This quick and easy cod dish riffs on Besuguito Guernica, a traditional Basque dish, where besugo, or sea bream, is broiled then topped with a warm garlicky sauce of olive oil, sherry vinegar and red pepper flakes. Instead of sea bream, I use cod and substitute apple cider vinegar for the sherry vinegar. The end result is just as delicious.
The combination of cod (rich in omega 3s—there’s a reason your grandparents took cod liver oil!), olive oil (a monounsaturated fat replete with polyphenols) and fresh garlic (containing health-promoting sulfuric compounds) delivers a trifecta of heart health benefits.
Cold water fish—like cod—is a good source of blood-thinning omega 3 fatty acids, especially beneficial if you have atherosclerosis or diabetic heart disease. Studies show that people who regularly eat fish have a much lower risk of heart disease and heart attack—than those who don’t eat fish.
Cod is also an excellent source of vitamin B12 and a good source of vitamin B6—both of these B’s help keep homocysteine levels low. Homocysteine can directly damage blood vessel walls, and high homocysteine levels are linked with greatly increased risk of heart attack and stroke.
A vitamin B12 deficiency negatively impacts bone health for both men and women. Recent research linked low vitamin B12 levels with a higher risk of bone fractures (particularly fractures in the lumbar spine) in older men. And, osteoporosis occurs more frequently among women who are deficient in vitamin B12.
Even if you think you don’t enjoy fish, cod is a great “starter fish”. It has a mild flavor and tender, flaky texture. How fresh fish is also affects flavor: avoid buying fish that’s packaged in Styrofoam and wrapped in plastic—you won’t be able to tell how fresh (or not) it is. Choose a place that sells fresh fish, a fish market or any place (Whole Foods comes to mind) that displays whole fish or fillets on ice. The best defense is a good offense: when I buy fish, I always smell it first: there should not a “fishy” or “off” smell. Don’t buy it if you detect a strong odor. Better to find out at the store rather than to discover this once you’re home!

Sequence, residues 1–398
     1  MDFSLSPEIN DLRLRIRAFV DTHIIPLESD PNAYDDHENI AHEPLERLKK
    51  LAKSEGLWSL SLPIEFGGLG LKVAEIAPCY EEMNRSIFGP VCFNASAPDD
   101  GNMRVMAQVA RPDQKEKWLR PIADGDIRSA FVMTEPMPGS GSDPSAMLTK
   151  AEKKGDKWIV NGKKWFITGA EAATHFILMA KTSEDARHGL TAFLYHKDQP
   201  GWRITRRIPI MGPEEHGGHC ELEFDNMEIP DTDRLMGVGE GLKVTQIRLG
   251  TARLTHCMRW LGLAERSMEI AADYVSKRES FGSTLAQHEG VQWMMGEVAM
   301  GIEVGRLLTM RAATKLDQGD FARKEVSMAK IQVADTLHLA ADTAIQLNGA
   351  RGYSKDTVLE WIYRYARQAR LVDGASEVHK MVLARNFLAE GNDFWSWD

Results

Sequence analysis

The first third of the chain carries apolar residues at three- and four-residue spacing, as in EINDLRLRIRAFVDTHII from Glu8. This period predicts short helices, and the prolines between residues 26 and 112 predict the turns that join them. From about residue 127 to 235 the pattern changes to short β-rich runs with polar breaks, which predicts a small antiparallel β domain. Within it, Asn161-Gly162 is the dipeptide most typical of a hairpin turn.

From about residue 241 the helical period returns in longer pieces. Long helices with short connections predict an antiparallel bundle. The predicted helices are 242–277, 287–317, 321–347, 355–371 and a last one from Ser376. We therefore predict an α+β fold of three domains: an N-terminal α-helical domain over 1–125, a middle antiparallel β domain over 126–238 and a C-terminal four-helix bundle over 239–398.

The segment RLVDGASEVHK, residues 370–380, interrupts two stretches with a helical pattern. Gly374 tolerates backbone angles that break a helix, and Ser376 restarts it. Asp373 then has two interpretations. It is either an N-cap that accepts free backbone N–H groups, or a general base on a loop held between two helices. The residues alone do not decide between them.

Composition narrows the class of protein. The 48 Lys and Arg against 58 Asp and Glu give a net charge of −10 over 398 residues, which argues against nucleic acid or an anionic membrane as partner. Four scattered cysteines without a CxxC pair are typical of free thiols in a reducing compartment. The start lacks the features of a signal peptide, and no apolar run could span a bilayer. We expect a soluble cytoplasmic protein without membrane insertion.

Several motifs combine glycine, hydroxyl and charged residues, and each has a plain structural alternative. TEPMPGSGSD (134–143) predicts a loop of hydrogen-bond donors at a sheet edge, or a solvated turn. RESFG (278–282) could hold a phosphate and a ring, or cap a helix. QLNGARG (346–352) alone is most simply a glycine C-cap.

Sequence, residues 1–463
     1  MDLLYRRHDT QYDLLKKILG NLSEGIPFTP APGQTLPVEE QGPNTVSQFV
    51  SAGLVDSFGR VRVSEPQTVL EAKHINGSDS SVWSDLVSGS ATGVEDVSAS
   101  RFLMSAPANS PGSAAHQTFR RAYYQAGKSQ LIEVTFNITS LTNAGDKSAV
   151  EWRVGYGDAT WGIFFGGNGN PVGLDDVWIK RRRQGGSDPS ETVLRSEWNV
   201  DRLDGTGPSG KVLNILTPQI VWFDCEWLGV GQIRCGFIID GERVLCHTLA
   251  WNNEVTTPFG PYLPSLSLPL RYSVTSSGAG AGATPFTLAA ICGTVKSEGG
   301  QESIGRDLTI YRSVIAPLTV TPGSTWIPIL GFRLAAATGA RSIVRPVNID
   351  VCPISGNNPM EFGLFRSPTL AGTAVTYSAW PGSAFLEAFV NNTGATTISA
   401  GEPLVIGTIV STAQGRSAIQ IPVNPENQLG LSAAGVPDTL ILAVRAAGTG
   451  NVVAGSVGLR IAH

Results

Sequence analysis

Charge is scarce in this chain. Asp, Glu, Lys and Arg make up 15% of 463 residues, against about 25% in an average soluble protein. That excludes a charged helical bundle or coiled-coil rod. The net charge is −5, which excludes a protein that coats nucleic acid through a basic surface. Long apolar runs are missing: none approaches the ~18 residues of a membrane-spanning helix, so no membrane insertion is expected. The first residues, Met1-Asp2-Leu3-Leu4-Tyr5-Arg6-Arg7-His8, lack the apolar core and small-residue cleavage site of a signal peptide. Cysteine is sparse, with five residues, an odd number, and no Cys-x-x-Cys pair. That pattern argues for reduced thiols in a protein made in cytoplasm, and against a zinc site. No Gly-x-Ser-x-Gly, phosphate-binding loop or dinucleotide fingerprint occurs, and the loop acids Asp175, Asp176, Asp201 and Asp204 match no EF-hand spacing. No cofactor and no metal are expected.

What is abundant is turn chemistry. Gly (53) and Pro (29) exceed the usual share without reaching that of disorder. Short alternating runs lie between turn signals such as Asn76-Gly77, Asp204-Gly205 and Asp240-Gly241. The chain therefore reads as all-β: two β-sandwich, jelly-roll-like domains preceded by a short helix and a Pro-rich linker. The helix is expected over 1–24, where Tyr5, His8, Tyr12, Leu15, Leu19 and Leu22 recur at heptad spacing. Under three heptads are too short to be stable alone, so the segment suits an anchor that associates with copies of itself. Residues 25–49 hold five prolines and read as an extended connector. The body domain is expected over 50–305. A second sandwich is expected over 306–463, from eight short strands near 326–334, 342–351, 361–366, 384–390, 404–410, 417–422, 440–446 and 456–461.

Whatever the season, this cod dish is one of my favorite go-to comfort foods. I like to serve it with braised greens, like Swiss chard or kale, or paired with a salad of wild arugula or baby romaine, and a small side of butternut squash or pumpkin.
Poached Cod, Guernica-Style
1.5 pounds of wild-caught cod fillets,
ideally Alaskan cod (a.k.a. Pacific cod)
For the sauce
1/3 cup quality extra-virgin olive oil
4 to 6 garlic cloves, thinly sliced
1 teaspoon red pepper flakes
1 tablespoon sherry vinegar or apple cider vinegar
Generous handful of flat-leaf Italian parsley, chopped
For the fish: Fill a wide, heavy-bottomed stainless steel skillet (with a 2 or 3-inch rim) about 3/4 of the way with filtered water. Cover skillet and bring water to a gentle boil. Add cod to the skillet and reduce heat to low. Cover the skillet and let cod simmer about 3-4 minutes, or until a knife inserted in the fish slides out easily. Do not overcook the fish. Using a slotted metal spatula, transfer the fish to a serving dish. Season with sea salt. Cover to keep warm.
For the sauce: Immediately after you have finished cooking the fish, heat the olive oil in a small saucepan over medium heat. Keep a mindful eye on the olive oil; you do not want it to smoke because this means it has turned into a trans fat. Add the sliced garlic and cook gently for 5 to 6 minutes, or until garlic is golden (not brown!).
Add the red pepper flakes and let cook for approximately 1 minute. Be careful when you add the vinegar to the olive oil and red pepper flakes—the contents in the saucepan will flare up. Turn off heat. Let the mixture roil for about 30 seconds. Pour olive oil sauce over the fish.
Garnish with chopped parsley.